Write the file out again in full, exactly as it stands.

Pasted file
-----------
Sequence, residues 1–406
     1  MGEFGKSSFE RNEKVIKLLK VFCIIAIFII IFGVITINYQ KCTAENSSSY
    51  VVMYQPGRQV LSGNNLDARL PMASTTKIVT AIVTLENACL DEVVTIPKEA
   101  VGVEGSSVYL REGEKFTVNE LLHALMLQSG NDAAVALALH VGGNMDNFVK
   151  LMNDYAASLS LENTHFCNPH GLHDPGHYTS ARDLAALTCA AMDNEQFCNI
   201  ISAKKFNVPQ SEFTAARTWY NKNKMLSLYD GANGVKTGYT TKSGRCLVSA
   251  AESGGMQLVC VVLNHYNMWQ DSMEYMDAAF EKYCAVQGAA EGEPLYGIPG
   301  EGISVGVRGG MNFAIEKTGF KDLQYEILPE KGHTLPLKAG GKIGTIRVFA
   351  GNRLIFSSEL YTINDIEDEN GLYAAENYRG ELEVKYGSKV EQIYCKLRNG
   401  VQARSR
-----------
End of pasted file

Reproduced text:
Sequence, residues 1–406
     1  MGEFGKSSFE RNEKVIKLLK VFCIIAIFII IFGVITINYQ KCTAENSSSY
    51  VVMYQPGRQV LSGNNLDARL PMASTTKIVT AIVTLENACL DEVVTIPKEA
   101  VGVEGSSVYL REGEKFTVNE LLHALMLQSG NDAAVALALH VGGNMDNFVK
   151  LMNDYAASLS LENTHFCNPH GLHDPGHYTS ARDLAALTCA AMDNEQFCNI
   201  ISAKKFNVPQ SEFTAARTWY NKNKMLSLYD GANGVKTGYT TKSGRCLVSA
   251  AESGGMQLVC VVLNHYNMWQ DSMEYMDAAF EKYCAVQGAA EGEPLYGIPG
   301  EGISVGVRGG MNFAIEKTGF KDLQYEILPE KGHTLPLKAG GKIGTIRVFA
   351  GNRLIFSSEL YTINDIEDEN GLYAAENYRG ELEVKYGSKV EQIYCKLRNG
   401  VQARSR